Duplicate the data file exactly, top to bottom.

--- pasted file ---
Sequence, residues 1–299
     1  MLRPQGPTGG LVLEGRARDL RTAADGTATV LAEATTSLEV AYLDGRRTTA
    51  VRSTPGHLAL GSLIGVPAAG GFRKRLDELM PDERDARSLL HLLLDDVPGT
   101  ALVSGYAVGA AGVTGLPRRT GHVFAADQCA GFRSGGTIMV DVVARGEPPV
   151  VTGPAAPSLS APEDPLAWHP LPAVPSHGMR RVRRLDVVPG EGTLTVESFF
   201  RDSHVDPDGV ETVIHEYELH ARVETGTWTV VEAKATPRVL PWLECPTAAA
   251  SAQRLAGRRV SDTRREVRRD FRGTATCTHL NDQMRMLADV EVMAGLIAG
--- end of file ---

Sequence, residues 1–299
     1  MLRPQGPTGG LVLEGRARDL RTAADGTATV LAEATTSLEV AYLDGRRTTA
    51  VRSTPGHLAL GSLIGVPAAG GFRKRLDELM PDERDARSLL HLLLDDVPGT
   101  ALVSGYAVGA AGVTGLPRRT GHVFAADQCA GFRSGGTIMV DVVARGEPPV
   151  VTGPAAPSLS APEDPLAWHP LPAVPSHGMR RVRRLDVVPG EGTLTVESFF
   201  RDSHVDPDGV ETVIHEYELH ARVETGTWTV VEAKATPRVL PWLECPTAAA
   251  SAQRLAGRRV SDTRREVRRD FRGTATCTHL NDQMRMLADV EVMAGLIAG